Nicki had wanted to foster for many years, but held off while the children were young.
Fast forward a number of years - Nicki and Dave’s family grew up - they then downsized their home, only to find themselves upsizing again as the children moved back home for a period following university and college.
Finally, their brood has now moved on again – and, as Nicki put it ‘the house felt a little empty’.
Whilst initially Dave had been somewhat hesitant about fostering, they decided now might be the time to look in to it, as they now both had more flexibility and time on their hands. Dave’s slight caution was around the unknown aspects of fostering – and they didn’t know any foster carers who could share their experiences at that time - however they did discuss it with their own family to see how they felt about the idea and the response was thankfully positive.
The journey then began – a long journey, Nicki observed, which took almost a year and at times seemed to be rather long winded! Once the Skills to Foster training commenced, Dave then became warmer to the idea of fostering. Nicki and Dave both felt that doing the training together as a couple was really helpful – and a positive experience - though a challenge logistically at times
So, treading carefully, they decided to dip their toes in, as it were, with respite/sleepover fostering. This was a conscious decision by Nicki and Dave not to get in position of a longer term arrangement which then may not work out. Additionally, they both work full time, so one weekend per month felt manageable and a good place to begin.
Carers and parents may need breaks, too. Our respite/sleepover fostering service gives those looking after children the chance to recharge their batteries and can also ease situations where perhaps illness or family breakdown are a feature. Respite/sleepover fostering can offer planned, regular or short notice breaks for a few days or longer; thus enabling children and young people to live with their own family or foster carer for the rest of the time.
They had just started to foster when the pandemic began. Jack was their first foster placement – they provided respite/sleepover once a month for around two years until he reached the age of 18, he is now in a ‘Staying Put’ arrangement with his carer - and Nicki and Dave are still in touch with him to this day. Jack had been in foster care since the age of 9, bringing some challenges especially in the earlier years; this meant the regular respite/sleepover care provided was much needed by his foster carer.
Nicki explained: ‘It has been lovely seeing Jack progress, our own children have been really supportive, coming over to meet Jack and involving him in birthday and other family celebrations.
We felt it was important that Jack had his own space and belongings when he spent time with us and an example was when we bought a Fortnite duvet set for our fostering bedroom –this was just for Jack’s use, which we could tell he appreciated, and made him feel he belonged and was valued.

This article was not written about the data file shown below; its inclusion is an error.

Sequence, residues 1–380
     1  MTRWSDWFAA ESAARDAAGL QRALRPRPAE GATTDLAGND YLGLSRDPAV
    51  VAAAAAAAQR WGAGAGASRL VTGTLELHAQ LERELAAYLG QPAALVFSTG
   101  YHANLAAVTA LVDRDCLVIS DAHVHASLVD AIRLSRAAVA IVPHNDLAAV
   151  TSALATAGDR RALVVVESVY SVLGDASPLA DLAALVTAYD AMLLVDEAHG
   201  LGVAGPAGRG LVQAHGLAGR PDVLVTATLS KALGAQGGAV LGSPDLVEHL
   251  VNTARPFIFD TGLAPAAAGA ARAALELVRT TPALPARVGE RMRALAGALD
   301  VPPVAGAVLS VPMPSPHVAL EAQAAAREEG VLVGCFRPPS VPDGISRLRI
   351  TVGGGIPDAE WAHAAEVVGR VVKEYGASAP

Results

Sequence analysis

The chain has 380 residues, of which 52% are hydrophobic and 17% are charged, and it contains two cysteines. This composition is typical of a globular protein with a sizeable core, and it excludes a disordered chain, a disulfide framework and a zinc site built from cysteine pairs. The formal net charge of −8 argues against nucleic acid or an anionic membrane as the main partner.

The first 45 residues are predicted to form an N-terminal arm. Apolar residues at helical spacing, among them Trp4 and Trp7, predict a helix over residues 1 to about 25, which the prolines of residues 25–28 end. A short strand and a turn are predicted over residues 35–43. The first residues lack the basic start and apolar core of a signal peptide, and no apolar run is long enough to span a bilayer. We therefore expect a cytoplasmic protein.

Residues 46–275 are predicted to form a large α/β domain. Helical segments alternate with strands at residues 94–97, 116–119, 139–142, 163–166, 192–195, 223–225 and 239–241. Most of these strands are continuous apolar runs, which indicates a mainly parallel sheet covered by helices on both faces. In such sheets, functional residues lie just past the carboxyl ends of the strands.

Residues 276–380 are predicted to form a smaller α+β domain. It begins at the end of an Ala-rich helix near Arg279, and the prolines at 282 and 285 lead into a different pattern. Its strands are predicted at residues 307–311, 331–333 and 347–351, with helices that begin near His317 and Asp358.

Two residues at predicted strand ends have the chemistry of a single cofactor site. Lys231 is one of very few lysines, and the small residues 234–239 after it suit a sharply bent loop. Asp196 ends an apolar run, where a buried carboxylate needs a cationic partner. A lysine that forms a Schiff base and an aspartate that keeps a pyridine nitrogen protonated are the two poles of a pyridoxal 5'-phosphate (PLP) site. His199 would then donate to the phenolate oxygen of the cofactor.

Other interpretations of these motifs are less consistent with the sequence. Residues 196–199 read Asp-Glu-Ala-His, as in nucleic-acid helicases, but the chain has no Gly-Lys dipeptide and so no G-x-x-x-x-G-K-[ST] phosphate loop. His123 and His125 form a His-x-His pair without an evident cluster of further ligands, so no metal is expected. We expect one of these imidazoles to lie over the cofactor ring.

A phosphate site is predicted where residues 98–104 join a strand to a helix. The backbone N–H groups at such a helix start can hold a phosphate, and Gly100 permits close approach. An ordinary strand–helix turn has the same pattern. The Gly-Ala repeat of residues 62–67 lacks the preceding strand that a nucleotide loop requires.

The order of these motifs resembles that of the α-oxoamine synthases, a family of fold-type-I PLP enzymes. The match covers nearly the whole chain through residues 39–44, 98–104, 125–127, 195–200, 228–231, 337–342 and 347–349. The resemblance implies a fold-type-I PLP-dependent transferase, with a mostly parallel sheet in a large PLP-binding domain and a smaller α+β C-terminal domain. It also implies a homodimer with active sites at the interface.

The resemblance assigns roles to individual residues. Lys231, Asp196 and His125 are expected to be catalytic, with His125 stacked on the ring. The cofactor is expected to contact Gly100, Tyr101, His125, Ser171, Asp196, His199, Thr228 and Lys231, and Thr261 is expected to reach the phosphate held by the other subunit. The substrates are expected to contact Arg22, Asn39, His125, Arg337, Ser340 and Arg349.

I remember at first he wouldn’t take his turn to clear the table after a meal, until he was told he was part of our family and all family members took part in this routine - the smile on his face then told it all!’
Also, in the beginning, Jack rarely praised his foster family, and was on occasion critical of them, however over time Nicki and Dave helped him to see they indeed cared for him and were fair in their treatment of him, and his attitude did change over time in this respect. Nicki went on: ‘We have built up a really good relationship with the family, it is very positive and there have been helpful exchanges and discussions which have meant we worked together well.’
In the six or so months coming up to Jack’s 18th birthday, during each weekend he stayed with Nicki and Dave, they encouraged him to get involved in shopping and cooking, in turn helping him to gain those all important independence skills.
He chose and bought ingredients for meals and enjoyed helping to cook – he was very proud when he produced good results!
Nicki says: ‘ It has been great seeing Jack’s attitude change from being angry in those early days to being more mature – he will soon be getting his own place – hopefully not too far from ourselves – and he is still also in contact with our son who is a bit older than him.
Looking back, there has been some heartache and quite a few battles, but lots of fun, too. Sometimes it’s the little things which make the fostering experience so special – and you appreciate those most when reflecting or looking back..’
We asked Nicki and Dave what thoughts they would share/advice they would give to prospective foster carers
‘Just because you work doesn’t mean you can’t foster’ says Nicki ‘I work long days with both early and late shifts, but with the right support you can make things work for you. The good thing about respite is that it is usually planned well in advance, so that helps if you have a busy schedule.
'Our social worker Karen now knows myself and Dave pretty well; she is so helpful both in terms of matching and supporting us with children. Not to mention being there through the odd wobble -which can occur now and then!’
Dave added: ’Don’t have huge expectations, go in open minded and be prepared to take small steps at a time – you can never be fully prepared for everything, but the training provides you with insight of what to expect and your social worker provides you with the support when you need it’